`In order to permit the insertion of the hypodermic needle to withdraw the solution, the rubber closure 14 is formed with a central opening 19, the top of the thimble member 17 being also correspondingly apertured, as indicated at 20. The opening 19 in the outer end of the closure 14 isl made co-axial with a somewhat similar opening 21 on the inside of the closure, said two cavities 19 and 21 being separated by a comparatively thin dlaphragm 22 formed as an integral part of the rubber closure 14. The thickness of the diaphragm 22 is such that the needle 23 of a hypodermic spring 24 may readily be thrust -into the phial, as indicated in Fig. 3, for the purpose of withdrawing a portion of the hypodermic solution 25. When the .needle is withdrawn after lilling the syringe, the hole in the soft rubber diaphragm 22 closes up automatically and thus insures that the remaining portion of the contents of the phial will not escape, evaporate or become contaminated by l exterior agencies.

In practice, I prefer to make the cylindrical portion of the closure 14 slightly greater in diameter than the interior diameter of the neck of the phial so that the diaphragm 22 will be under a slight compression, thereby enhancing the natural tendency ofv the rubber to close up and seal the aperture or apertures made therein by theinsertion of the hypodermic needle.

In order to prevent foreign matter from gaining access to the top of Jche diaphragm and thus contaminating the point of the needle, I prefer to cover the top of the closure with a thin metal thimble shaped cap 26,

which is a sufficiently good fit on the inner permanent thimble member 17 to prevent its of its being` readily removed when it is desired to withdraw a portion of the solution.

The scope of the invention should be determined by reference to the 'appended claims 105 rather than by reference to the mechanical details herein described.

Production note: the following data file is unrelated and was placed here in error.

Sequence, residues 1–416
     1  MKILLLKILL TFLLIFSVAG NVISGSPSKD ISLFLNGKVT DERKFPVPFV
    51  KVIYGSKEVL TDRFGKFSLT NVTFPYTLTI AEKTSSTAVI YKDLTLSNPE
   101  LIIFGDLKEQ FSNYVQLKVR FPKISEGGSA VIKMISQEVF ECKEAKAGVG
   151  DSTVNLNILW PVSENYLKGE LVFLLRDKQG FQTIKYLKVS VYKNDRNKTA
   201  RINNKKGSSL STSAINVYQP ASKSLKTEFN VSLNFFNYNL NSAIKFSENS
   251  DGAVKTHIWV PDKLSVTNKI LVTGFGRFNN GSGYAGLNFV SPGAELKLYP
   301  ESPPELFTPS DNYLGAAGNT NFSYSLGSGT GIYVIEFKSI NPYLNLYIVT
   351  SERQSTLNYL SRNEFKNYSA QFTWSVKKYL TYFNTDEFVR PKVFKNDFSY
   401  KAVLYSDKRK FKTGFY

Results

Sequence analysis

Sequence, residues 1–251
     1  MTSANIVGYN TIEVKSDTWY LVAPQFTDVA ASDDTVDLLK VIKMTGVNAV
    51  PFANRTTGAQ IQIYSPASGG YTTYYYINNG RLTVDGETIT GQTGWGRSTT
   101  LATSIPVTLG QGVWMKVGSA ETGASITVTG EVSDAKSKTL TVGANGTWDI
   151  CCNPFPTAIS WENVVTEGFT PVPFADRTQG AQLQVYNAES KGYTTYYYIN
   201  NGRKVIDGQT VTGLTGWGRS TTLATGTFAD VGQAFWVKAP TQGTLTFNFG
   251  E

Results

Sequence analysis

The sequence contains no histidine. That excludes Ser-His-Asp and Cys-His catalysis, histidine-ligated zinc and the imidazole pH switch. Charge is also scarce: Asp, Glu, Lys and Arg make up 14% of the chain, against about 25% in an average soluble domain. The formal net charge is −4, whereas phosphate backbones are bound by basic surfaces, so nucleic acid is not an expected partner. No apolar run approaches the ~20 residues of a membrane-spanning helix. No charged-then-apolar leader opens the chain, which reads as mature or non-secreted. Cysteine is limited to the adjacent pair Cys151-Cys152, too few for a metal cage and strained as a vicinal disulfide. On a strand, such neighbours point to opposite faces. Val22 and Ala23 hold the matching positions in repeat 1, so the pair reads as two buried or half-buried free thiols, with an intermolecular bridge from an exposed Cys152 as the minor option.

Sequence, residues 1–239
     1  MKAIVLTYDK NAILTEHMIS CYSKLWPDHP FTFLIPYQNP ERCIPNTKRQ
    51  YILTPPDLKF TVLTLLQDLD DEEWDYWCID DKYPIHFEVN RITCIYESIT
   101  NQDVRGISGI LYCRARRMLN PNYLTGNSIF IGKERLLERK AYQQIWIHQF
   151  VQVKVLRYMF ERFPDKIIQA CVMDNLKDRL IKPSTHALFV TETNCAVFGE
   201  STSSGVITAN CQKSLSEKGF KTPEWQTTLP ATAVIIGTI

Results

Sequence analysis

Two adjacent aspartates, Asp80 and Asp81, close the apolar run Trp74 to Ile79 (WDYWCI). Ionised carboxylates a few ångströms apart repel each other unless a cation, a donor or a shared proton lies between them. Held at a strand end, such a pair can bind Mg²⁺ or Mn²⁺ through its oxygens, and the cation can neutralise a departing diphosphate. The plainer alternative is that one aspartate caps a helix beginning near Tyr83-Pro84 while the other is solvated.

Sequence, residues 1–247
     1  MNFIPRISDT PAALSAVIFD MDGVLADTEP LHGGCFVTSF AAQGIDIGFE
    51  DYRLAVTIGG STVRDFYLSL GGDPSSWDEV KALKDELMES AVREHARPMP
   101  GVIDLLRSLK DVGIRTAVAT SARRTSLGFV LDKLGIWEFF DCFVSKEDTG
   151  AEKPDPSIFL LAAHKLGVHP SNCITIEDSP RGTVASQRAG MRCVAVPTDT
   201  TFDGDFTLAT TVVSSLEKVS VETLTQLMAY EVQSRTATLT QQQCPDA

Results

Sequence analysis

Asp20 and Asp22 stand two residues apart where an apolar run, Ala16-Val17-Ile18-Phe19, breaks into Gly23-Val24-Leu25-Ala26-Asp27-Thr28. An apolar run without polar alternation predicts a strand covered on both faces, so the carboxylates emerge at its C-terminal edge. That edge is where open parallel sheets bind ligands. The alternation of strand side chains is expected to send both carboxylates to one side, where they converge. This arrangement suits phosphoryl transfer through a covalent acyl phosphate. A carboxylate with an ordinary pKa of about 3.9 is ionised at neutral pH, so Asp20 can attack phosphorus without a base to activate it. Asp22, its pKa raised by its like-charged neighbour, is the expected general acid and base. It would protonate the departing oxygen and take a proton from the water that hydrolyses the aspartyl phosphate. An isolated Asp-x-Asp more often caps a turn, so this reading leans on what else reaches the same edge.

I claim* l. In combination, a container for hypodermic solutions provided with a neck and 110 mouth thereto, a rubber sealing element fitting Within the neck of said container and having a flange overlying the lip of the mouth thereof, permanently applied metallic means forforcing said Hange into tight fitting engagement with said lip, the inner and outer ends of said sealing element being each formed with a recess, and a sealing dial' phragm formed as an integral part of said rubber element constituting a partition between said recesses, and being readily perforable by the needle of a hypodermic syringe. Y y

2. In combination, a container for hypodermic solutions provided With a neck enlargement constituting a shoulder, a rubber stopper snugly fitting Within said neck and having an outer flan e an annular metallicmember overlying said fia-nge for holding said flange in tight fitting sealing engagement with the lip of the mouth of said neck 'and having its lower edge formed to embrace said shoulder, said stop-per being provided With an inner and an outer axially extending recess, and a diaphragm constituting an integral part of said stopper and the Wall between said recesses andl capable of being readily pierced by the needle of a hypodermic syringe. Y

3. In combination, a container for hypodermic solutions provided with a neck enlargement constituting a shoulder, a rubber Stopper fitting Within said neck and compressed thereby, an annular flange formed on said member'.